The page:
It was a cute cafe and pretty busy with Japanese tourists.
It also had Amazake ice cream.
Amazake is a Japanese warm drink made from fermented short grain rice, using Koji as the fermenting catalyst.
Amazake dates from the Kofun period and it is also sold cold in carton boxes (similar to milk) in supermarkets and made into ice creams.

On our stroll, we saw a small group of people who sat along the street, using watercolors and pencils to render the restored old buildings.
Many of the Saké breweries offer tours of their distilleries.

From there, we walked along the Ariake Sea, in order to cover some of the long walk we needed to do to get to our next temple, located in Nagasaki.

The Ariake Sea boasts the largest tidal variation in Japan with approximately 6 meters of difference between high and low tides.
This is due to the gravitational pull of the moon.

Not always could we even see the sea during our walk, but often when we had the chance, we quickly crossed the busy road to see the expansive tidelands, created by the low tide.
Boats were moored in the mud at low tide and tidal-pools of living organisms could be seen.

The Roadside Stations along the coast are actually designated as tourist attractions.
In these shops, you can buy fresh produce grown by local farmers and try the seafood and other items.

We decided that because we had a very late lunch, we would walk as far as we could until dark, and buy fruit at the Roadside station to have for dinner.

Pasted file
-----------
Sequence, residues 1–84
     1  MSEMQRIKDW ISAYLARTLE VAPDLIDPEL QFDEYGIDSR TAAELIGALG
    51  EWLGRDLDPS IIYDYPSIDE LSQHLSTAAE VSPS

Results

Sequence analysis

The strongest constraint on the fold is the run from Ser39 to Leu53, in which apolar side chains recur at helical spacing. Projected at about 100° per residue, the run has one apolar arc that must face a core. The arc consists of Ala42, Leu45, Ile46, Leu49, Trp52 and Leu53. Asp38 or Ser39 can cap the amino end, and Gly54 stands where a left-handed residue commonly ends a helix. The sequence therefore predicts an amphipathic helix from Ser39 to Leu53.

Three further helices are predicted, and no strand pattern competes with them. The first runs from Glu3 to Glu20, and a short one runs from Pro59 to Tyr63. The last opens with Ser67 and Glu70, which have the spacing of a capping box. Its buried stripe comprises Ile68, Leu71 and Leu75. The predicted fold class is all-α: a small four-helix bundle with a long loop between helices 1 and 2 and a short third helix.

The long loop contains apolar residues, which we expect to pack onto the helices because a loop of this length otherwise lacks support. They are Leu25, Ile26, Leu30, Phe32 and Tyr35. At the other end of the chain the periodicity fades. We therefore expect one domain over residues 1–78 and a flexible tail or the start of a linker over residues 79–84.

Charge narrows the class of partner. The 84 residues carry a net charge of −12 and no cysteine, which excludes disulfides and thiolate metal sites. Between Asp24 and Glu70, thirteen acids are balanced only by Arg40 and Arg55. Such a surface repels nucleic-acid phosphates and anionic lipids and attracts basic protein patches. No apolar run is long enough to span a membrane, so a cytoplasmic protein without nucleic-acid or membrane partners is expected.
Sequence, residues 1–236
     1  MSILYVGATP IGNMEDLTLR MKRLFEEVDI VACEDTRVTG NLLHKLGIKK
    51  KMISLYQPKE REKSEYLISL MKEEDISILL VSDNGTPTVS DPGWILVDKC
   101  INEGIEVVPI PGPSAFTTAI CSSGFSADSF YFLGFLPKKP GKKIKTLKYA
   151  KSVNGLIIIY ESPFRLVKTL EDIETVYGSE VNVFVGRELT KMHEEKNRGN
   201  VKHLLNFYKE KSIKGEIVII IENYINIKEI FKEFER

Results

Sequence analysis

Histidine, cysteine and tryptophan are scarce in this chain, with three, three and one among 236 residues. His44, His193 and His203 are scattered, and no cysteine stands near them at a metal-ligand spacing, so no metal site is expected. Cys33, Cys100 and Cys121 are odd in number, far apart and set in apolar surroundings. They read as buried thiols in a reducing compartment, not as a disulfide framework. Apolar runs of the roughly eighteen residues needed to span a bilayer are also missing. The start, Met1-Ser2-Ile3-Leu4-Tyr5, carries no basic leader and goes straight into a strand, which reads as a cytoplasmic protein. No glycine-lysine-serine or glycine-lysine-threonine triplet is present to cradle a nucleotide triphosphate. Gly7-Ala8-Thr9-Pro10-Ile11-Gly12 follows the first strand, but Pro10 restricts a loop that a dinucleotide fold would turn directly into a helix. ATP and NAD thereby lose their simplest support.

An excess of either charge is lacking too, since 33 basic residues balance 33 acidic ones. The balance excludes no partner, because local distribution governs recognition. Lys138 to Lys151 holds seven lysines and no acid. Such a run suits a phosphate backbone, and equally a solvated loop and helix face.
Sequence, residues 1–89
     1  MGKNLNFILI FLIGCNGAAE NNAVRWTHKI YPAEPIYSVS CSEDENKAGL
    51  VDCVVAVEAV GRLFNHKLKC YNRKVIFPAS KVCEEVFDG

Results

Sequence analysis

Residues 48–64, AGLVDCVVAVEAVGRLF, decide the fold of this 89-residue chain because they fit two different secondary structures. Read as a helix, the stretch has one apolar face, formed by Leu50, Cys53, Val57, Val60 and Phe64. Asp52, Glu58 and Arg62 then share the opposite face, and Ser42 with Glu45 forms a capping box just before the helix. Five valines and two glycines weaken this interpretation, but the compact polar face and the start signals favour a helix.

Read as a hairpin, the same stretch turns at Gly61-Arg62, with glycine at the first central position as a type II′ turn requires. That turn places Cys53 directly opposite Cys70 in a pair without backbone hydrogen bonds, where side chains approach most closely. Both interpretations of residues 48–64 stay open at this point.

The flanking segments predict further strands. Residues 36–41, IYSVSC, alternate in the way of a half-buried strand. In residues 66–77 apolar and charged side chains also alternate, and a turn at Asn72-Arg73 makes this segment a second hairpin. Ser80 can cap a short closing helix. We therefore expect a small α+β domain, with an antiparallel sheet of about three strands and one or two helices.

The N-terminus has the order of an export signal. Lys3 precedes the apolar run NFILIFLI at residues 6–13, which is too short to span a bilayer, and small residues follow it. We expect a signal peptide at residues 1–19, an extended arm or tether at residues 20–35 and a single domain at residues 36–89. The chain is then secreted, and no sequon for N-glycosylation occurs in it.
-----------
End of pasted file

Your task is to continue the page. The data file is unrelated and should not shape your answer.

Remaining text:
The bags of oranges or persimmons had above them the names of the farmers, photos of their farms, their families and statements about their farms.

We returned to our guesthouse in Kashima.
The guesthouse is a beautifully restored old house with shared toilets and shower.
We were the only guests for the night, and the owners do not live there.

The futons on the tatami mat floor were very thin and didn’t offer a comfortable night’s sleep.
But I was grateful to have a hot shower, a nice clean living room with sofas to sit on and a place to wash our laundry.

It was a long day.
We did not do a lot of walking because we visited many sights and ran out of time, but it was a very enjoyable day.

Sending you love and smiles,

Stats: 24,695 steps
Today’s walk: 17 km
Kilometers walked to date: 510
Temples visited:
Temple #63 Mt. Kongo, Rengon-in
Temple #62 Mitsugenzan Tanjoin
And the Yutoku Inari Shrine